With warmer weather hopefully imminent, one of the things on my list of things to make was a waterproof picnic blanket.
It’s lovely to be out in the fresh air and the sunshine, but sometimes you have to sit down, and there isn’t always a bench.
I’m also thinking ahead to next spring. I’m determined to have a Japanese style cherry blossom picnic, and I will definitely need a waterproof picnic blanket for that!
Our lovely temperate English climate means that it’s rarely unbearably hot in the summer, and we sometimes have nice days even in early spring and into the autumn.
The climate being what it is though means that it’s often also quite wet. Even after a few days of sunshine, unless it’s the middle of summer, the ground will still be damp.
And at the seaside, the sand is usually damp and will soak through a towel, leading to feeling uncomfortable quite quickly!
The answer is a waterproof layer that stops the wet from soaking through.
I’ve joined the layers together by sewing bias binding around the outside. Turning something this size the right way out did not appeal, and often turning out results in crumples, and ironing could be a problem with the plastic layer. Using bias binding also means that the edges are not unnecessarily bulky.
You Will Need
To make a waterproof picnic blanket, you will need:
Fabric for the top and the underside. How much will depend on how big you want the blanket to be. I would suggest at least 1m x 1m (3’x3′). For the bottom, I used fleece fabric to provide some insulation, and for the top I had some wool fabric and some brushed cotton which I sewed together to make one large piece.
If you don’t want to spend a fortune on fabric, there are other options.
You might have some fabric you could piece together. This is what I did!
It doesn’t necessarily need to be fabric left over from other projects. There are other sources of big bits of fabric!
An old sheet or duvet cover might do. There’s lots of fabric in those, and it can be hard to know what to do with sets that have got a bit tired. You could also use a curtain or an old blanket.
Sometimes Poundland sell fleece blankets. They’re very thin, but they would be fine for this project.
Something for the waterproof layer. I used the remains of a plastic shower curtain. Other things you could consider include bags for life pieced together, those blue Ikea bags or old waterproof macs.
If you need to piece them together, overlap the edges and sew 2 rows of stitches. Don’t attempt normal seams because it will make it bumpy. The plastic layer will be hidden, so it doesn’t matter too much if it’s not beautifully neat. Having the bits all lying flat is more important.
Bias binding for finishing the raw edges. You could make your own so that it matches, but buying it ready made is easier and quicker.
If you have fabric left over, you could make a drawstring bag to put it in.
Making the Waterproof Picnic Blanket
Assemble the layers. You’ll need a top layer, a bottom layer and a waterproof layer. If you need to piece them together, it can be helpful to have one layer already the right size. Otherwise you could use pattern paper or newspaper, or just measure it!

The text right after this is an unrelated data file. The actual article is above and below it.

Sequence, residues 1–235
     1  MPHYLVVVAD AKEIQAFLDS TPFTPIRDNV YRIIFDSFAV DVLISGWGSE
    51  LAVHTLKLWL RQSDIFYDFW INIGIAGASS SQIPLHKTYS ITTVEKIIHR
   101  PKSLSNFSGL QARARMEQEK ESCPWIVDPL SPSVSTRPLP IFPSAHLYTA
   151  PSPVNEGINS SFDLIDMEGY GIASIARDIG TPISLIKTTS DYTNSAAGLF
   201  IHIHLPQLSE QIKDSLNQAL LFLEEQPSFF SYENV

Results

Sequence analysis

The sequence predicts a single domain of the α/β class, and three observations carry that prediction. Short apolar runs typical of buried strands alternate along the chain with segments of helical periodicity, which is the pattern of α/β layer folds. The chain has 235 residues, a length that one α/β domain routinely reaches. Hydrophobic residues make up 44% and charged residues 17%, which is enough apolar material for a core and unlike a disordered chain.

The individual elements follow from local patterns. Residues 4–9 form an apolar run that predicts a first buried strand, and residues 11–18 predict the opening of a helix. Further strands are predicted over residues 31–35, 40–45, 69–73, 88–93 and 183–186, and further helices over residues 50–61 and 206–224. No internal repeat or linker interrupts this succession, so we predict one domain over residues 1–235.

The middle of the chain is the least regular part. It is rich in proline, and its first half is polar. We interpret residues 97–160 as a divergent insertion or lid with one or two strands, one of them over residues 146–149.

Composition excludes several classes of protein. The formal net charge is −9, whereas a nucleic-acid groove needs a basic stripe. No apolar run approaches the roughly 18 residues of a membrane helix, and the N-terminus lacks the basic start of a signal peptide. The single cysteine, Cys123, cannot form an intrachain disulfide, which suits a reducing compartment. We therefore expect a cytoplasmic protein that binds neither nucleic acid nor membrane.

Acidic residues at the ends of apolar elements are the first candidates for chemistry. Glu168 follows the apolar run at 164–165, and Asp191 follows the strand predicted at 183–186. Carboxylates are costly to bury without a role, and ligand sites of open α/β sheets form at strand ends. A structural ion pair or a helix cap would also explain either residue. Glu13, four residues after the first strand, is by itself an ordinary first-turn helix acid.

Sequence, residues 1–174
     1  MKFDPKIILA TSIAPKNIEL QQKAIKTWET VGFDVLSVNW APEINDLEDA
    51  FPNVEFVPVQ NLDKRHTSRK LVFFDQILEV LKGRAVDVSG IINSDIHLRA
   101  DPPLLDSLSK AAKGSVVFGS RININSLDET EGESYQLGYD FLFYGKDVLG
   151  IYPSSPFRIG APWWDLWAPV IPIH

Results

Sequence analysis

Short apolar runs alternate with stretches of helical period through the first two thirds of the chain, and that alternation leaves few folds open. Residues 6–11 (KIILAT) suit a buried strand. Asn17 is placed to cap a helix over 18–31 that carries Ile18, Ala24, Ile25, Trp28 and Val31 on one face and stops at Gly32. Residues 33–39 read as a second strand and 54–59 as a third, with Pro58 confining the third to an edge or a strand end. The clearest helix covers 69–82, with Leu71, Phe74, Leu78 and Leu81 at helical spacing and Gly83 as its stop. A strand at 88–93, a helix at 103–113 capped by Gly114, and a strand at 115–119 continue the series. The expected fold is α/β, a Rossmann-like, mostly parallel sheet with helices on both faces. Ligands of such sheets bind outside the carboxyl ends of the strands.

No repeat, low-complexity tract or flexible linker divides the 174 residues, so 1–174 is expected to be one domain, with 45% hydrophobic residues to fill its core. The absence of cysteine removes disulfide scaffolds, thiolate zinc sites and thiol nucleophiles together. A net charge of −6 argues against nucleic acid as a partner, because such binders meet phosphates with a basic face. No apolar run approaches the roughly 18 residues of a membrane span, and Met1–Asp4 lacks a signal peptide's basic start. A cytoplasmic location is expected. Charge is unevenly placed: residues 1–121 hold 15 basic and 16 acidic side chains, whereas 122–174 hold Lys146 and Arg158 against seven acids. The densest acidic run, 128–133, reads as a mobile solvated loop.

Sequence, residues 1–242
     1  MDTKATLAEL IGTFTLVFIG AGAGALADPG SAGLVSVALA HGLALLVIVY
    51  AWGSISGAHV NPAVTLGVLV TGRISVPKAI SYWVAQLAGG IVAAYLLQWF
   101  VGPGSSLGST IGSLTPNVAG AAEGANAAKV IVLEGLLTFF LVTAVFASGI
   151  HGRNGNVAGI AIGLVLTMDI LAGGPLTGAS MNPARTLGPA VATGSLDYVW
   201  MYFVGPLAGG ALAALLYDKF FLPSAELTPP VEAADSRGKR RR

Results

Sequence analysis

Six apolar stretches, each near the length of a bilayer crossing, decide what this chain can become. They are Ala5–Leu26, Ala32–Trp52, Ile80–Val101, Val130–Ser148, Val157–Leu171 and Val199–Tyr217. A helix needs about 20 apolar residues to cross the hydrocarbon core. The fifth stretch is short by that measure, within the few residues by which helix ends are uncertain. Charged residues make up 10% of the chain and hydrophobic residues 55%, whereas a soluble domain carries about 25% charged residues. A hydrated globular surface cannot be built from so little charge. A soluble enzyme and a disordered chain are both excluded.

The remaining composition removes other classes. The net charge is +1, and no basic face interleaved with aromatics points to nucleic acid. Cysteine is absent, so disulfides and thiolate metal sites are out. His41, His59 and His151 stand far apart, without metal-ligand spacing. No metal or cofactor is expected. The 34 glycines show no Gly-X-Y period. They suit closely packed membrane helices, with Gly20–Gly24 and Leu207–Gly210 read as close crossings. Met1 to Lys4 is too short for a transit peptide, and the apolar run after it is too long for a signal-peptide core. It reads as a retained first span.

As I mentioned earlier, sewing the pieces together by popping one on top of the other, then sewing 2 rows of stitches, will result in a neat join that won’t be too bulky.
Place the bottom layer face down, then the waterproof layer on top. Then pop the top layer, face up, over the waterproof layer.
Pin the layers together, making sure that they are all smooth and flat. Sew around the edge to join them together. I found that I needed to reposition the pins after sewing each edge.
Once you’ve sewn round it, trim the edges. I took a photo of one of the messy edges, but I forgot to take one after I’d neatened it up!
Sew the bias binding to the edge of the blanket. Pin one edge of the bias binding to the edge of the blanket, on the underside. I wouldn’t bother pinning it all the way round, especially if the bias binding is on a roll. Sew close to where the fold is.
Keep going until you get to the corner. With the needle down, turn the corner. Turn the bias binding so that the edge of it is aligned with the edge of the blanket.
Keep going all the way round, and deal with the corners in the same way.
Once you’ve got back to where you started, cut the bias binding, leaving enough to overlap. Match up the folds of the bias binding and sew, until you’ve sewn over the end.
Now fold the bias binding over the raw edge. Keeping the folded edge of the bias binding tucked underneath, sew the bias binding to the blanket on the top.
When you get to a corner, carefully fold the bias binding so that you have a little triangle underneath, and a neat little diagonal line. Continue sewing close to the edge of the bias binding.
Now your blanket is ready to use!
How to Fold Your Waterproof Picnic Blanket So That the Top Stays Clean and Dry
So you’ve been to the beach, or had your cherry blossom picnic, and now there’s sand or grass and stuff all over the bottom.
To avoid getting the top layer mucky, you can fold your blanket in a similar way to how I was shown to fold groundsheets and things many years ago when I was in the Guides.
Fold the edges into the middle.
Now fold one edge in, then the other.
Roll it up. The mucky bits will only be touching the other mucky bits!
You could probably wash it, but don’t put it in the tumble dryer!